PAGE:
Greetings from the Island of Lampedusa, Italy, in the heart of the Mediterranean Sea. It is also known as the Doorway to Europe and the Island of Hope, where the islanders’ compassionate welcome for refugees and migrants after so many years is now at odds with Italy’s new immigration laws.
Less than a year ago, I was asked by Sister Margaret Fielding, our Institute Leader, on behalf of the International Union of Superior Generals based in Rome, to join an inter-congregational community with two other sisters on this very island. Our mission is to be a presence to the citizens of Lampedusa in prayer and service and a compassionate, WELCOMING presence to those arriving from North Africa and Asia. These refugees are fleeing desperation, war, famine and fear, seeking a new way to live with dignity, even at the risk of losing their most precious life on the open sea.
In the words of the song “There Was a Man,” our founder “had a vision to proclaim: that the Lord has come to give us life and we are to do the same.” Each one of us is given that mandate, which is defining for a Religious of the Sacred Heart of Mary. That is God’s dream for us and it is God’s dream for those whom we welcome, to have LIFE to the fullest- a life with hope and dignity as a child of God…as a child of Allah!
To celebrate the Year of Père Gailhac, I want to reflect on how the spirit entrusted to us by our founder lives in our current missionary presence in Lampedusa. I live here in the only religious community on this island of 6,000+ with two other sisters: Sister Ausilia (a Salesian Sister of St. John Bosco) and Sister Paola (a Sister of Charity of St. Giovanna Antida Thouret), both of whom are Italian. We have very different personalities, talents and gifts that we bring and offer for the same mission!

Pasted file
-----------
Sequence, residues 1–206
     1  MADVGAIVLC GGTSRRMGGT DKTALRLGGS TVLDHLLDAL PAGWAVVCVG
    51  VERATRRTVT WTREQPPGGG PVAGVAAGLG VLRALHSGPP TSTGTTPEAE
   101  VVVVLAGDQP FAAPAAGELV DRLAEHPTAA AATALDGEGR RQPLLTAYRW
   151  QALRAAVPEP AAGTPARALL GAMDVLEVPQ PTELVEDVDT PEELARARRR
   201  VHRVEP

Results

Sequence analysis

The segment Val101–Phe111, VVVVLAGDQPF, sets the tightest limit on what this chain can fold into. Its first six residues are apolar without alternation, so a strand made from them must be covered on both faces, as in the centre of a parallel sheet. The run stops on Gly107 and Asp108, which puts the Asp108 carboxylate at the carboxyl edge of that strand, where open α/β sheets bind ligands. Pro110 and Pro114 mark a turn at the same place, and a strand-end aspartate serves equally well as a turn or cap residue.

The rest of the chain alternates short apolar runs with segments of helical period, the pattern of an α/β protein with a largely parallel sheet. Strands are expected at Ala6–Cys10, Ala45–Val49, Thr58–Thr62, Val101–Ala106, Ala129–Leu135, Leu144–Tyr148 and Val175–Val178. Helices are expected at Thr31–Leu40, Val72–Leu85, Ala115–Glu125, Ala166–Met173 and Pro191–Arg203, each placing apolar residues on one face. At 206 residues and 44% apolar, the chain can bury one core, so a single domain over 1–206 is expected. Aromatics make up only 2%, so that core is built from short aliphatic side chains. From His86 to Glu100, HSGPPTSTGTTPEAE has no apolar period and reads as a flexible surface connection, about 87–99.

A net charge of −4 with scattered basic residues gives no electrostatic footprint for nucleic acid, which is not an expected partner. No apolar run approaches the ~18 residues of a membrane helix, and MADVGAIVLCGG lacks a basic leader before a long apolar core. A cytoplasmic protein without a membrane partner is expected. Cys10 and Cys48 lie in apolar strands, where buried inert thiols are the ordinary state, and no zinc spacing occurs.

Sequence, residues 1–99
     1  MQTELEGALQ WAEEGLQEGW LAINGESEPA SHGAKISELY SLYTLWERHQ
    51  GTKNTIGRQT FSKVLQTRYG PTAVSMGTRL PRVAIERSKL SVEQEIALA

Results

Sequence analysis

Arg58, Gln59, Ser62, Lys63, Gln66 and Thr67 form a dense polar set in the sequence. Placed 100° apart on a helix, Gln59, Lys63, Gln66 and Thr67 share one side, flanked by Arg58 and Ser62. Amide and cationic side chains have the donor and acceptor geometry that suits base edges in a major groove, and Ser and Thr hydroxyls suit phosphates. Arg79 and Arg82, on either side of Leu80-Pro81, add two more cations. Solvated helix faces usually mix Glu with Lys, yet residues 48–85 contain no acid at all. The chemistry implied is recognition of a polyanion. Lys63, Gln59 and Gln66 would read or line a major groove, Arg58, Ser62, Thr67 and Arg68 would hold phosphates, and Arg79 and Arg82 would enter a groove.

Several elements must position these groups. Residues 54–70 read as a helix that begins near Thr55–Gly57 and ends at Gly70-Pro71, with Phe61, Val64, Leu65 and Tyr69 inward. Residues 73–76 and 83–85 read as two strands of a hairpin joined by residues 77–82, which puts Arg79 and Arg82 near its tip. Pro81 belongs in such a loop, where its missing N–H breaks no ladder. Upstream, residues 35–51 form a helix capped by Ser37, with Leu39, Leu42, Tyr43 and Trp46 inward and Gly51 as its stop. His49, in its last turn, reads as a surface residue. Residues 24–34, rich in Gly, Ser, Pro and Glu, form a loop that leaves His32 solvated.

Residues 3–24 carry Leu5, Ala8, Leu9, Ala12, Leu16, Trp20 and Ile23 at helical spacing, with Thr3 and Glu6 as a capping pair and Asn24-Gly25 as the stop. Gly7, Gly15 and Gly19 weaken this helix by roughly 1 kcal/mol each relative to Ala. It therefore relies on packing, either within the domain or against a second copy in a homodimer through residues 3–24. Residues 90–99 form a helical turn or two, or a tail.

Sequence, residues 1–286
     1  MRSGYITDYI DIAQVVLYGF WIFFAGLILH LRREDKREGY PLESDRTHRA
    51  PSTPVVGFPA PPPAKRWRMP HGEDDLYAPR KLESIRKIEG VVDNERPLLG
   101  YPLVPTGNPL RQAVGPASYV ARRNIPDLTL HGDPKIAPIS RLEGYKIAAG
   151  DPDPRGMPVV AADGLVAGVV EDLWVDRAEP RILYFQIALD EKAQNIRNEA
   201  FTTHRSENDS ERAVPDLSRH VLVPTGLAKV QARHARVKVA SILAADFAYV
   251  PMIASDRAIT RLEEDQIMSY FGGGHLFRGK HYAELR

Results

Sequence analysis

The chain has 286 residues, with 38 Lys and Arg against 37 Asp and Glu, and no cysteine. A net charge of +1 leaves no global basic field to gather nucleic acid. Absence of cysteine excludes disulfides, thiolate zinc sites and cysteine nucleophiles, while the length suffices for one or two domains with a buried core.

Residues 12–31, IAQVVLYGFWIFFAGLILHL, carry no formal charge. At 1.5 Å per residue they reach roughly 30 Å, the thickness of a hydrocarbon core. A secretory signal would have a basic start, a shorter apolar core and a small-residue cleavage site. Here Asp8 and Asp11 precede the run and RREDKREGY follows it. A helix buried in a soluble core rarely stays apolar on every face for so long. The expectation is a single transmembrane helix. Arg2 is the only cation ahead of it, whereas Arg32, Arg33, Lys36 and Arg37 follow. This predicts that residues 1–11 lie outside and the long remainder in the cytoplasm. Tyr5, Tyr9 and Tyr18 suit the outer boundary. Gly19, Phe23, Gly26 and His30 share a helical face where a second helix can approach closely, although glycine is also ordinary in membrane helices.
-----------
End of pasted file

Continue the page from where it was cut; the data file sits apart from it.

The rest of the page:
The following is an observation by a married couple from Taizé, France, who came for a week to experience what we do with the multiple daily arrivals at the dock. (Note that the Italian word for “dock” is “molo.”)
“When my husband and I arrived at the ‘Molo,’ the police were not nice, neither with the young volunteers nor with the migrants. They raised their voices to hurry things up. The atmosphere was not nice. And then you sisters arrived. Something changed. You are from the generation of their mothers or grandmothers. Your presence calmed them and your natural authority and kindness required respect.”
When Sisters Ausilia, Paola and I read this, we conversed about what we want our presence at the “Molo” to reflect: gentleness, concern, human warmth, respect for the dignity of all: the migrants and their children (our brothers and sisters), our collaborators at the “Molo,” as well as the police and coast guards who operate there. It is expressed in concrete gestures.
This morning we went to see some of the migrants off on the ship that would take them to Sicily to be processed by immigration before, hopefully, being given permission to stay. In an October 3rd testimonial, one survivor of the many tragedies that occur in Lampedusa said: “I was able to stay with a family in Europe. I studied and received two degrees at a University in Italy…and, like so many others, I found a new way to live! …All because you welcomed us.”
To see the refugees who danced and clapped and some who, as soon as they set foot on solid ground, knelt to kiss it and bless it…this is to know that the HEART OF GOD beats at the dock in Lampedusa. Please pray for the newly arrived and for us who are here to greet them.